This rifle came about during the Vietnam War, when the United States Marine Corps made a decision to purchase purpose-made sniper rifles (prior to this, snipers simply used accurized service rifles with a telescopic sight mounted). Remington offered their Model 40XB target rifle action (target tuned Model 700 action with heavy barrel) to the USMC in April 1966 for trials. Initially, 800 rifles were offered under the designation "M40 sniper rifle", and a total of 995 M40 rifles were built by Remington. Original M40s were built on Remingtons' model 700BDL actions with one piece wooden stocks.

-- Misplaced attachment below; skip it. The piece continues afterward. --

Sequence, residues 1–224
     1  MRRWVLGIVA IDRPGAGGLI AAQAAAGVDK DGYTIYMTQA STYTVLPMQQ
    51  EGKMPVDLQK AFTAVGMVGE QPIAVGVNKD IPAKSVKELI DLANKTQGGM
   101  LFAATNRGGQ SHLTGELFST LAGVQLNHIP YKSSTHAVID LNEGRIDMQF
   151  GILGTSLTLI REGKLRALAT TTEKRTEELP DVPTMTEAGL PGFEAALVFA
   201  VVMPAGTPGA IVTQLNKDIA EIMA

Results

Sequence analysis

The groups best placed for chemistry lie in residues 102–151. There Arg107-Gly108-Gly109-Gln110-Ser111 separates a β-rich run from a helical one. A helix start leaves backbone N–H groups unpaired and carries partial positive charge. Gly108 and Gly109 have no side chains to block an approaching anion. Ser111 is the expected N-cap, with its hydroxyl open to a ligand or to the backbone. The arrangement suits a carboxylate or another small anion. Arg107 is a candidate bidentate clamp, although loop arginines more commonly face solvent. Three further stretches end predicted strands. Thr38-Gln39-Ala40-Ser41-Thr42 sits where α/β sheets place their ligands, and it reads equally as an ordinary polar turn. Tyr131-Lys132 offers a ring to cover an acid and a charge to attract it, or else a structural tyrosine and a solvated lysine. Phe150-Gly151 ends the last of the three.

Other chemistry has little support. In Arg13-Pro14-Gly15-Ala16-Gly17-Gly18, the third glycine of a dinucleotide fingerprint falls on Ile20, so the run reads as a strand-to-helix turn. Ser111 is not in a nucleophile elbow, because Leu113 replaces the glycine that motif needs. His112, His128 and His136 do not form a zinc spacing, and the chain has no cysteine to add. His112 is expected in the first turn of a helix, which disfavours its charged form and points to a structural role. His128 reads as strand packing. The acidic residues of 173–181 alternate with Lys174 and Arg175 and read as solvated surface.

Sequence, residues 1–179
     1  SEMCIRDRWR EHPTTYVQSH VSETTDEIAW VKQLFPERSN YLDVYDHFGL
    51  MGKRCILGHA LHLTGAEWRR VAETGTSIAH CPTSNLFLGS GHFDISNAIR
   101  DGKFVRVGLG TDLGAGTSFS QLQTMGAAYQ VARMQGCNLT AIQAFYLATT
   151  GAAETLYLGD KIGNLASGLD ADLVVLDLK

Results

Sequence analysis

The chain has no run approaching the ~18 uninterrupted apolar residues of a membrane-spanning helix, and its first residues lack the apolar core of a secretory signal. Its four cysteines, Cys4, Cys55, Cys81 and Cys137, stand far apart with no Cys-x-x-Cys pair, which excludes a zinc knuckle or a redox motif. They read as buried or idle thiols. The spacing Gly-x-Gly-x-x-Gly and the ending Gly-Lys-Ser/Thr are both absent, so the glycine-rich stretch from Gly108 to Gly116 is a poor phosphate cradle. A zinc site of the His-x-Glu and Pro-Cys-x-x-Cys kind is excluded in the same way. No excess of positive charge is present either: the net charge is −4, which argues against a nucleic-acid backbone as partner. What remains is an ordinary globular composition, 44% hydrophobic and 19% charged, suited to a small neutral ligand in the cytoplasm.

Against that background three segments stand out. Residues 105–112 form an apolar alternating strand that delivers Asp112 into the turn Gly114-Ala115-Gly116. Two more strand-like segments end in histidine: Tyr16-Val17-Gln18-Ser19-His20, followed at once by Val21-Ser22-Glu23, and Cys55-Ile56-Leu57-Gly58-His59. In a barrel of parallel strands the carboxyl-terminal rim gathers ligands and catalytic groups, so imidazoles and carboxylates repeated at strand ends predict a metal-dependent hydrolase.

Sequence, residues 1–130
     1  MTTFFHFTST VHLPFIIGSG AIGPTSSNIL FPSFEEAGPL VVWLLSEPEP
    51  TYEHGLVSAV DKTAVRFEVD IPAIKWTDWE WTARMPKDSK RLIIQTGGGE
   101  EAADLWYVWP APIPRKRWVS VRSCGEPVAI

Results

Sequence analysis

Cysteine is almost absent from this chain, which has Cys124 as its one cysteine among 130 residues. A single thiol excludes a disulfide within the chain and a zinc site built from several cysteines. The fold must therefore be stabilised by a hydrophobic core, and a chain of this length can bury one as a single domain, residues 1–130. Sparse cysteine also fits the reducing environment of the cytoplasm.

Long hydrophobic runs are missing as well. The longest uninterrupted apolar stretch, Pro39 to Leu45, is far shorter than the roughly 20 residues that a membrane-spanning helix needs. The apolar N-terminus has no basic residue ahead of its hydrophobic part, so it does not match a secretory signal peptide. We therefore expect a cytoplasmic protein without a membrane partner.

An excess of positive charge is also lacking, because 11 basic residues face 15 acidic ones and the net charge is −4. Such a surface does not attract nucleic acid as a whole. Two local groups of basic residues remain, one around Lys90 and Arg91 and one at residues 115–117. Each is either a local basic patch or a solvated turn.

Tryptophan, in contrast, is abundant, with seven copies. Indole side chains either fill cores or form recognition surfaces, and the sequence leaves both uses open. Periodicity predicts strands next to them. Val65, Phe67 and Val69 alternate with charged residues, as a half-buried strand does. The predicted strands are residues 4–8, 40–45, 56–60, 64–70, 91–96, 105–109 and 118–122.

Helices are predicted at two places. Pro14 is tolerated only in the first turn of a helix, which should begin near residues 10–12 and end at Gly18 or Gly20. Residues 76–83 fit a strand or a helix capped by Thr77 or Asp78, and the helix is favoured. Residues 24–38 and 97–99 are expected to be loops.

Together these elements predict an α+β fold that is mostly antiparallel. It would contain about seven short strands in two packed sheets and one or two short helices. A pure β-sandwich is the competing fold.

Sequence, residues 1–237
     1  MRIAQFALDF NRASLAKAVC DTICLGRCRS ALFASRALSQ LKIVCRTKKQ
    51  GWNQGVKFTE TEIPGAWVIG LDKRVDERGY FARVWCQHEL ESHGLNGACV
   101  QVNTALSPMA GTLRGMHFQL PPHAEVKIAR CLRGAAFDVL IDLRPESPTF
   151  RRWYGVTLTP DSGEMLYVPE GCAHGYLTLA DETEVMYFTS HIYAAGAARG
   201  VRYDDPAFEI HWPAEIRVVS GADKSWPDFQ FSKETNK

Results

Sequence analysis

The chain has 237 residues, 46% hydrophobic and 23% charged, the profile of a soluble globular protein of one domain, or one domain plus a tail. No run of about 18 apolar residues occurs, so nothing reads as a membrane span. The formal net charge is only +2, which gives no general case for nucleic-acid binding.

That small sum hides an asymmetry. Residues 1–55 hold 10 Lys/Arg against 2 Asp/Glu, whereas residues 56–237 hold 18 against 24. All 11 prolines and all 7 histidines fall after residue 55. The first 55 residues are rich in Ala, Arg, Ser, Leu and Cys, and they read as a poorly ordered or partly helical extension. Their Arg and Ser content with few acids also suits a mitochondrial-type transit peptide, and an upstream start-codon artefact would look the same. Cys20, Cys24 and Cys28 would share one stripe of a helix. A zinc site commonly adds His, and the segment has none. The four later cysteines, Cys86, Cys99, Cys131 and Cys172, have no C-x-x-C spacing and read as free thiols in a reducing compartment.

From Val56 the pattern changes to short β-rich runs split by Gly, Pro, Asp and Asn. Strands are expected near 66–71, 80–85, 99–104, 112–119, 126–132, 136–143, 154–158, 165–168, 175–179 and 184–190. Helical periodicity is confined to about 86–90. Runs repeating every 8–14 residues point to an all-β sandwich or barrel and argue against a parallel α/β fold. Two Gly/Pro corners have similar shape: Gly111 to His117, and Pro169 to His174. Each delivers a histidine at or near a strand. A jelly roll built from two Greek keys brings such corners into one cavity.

In the 1970s, the initial M40s began to wear out. The Marine Corps began rebuilding their M40s with polymer McMillan stocks and began using a different optic for the rifles, designating the rifle "M40A1". The M40A1s and later variants are built in Quantico by qualified USMC armorers with parts supplied by Remington (actions), Winchester (magazine floor plate) and other contractors.
Later variants (M40A3, M40A5) incorporated more improvements to the rifle.
The M40 rifle is a heavily modified Remington Model 700. It features a heavy, accurized barrel and a "short action" (for a Remington model, the distance between the receiver screws is 6.5 inches; this means it cannot accommodate longer cartridges such as the .30-06 or .270 Winchester).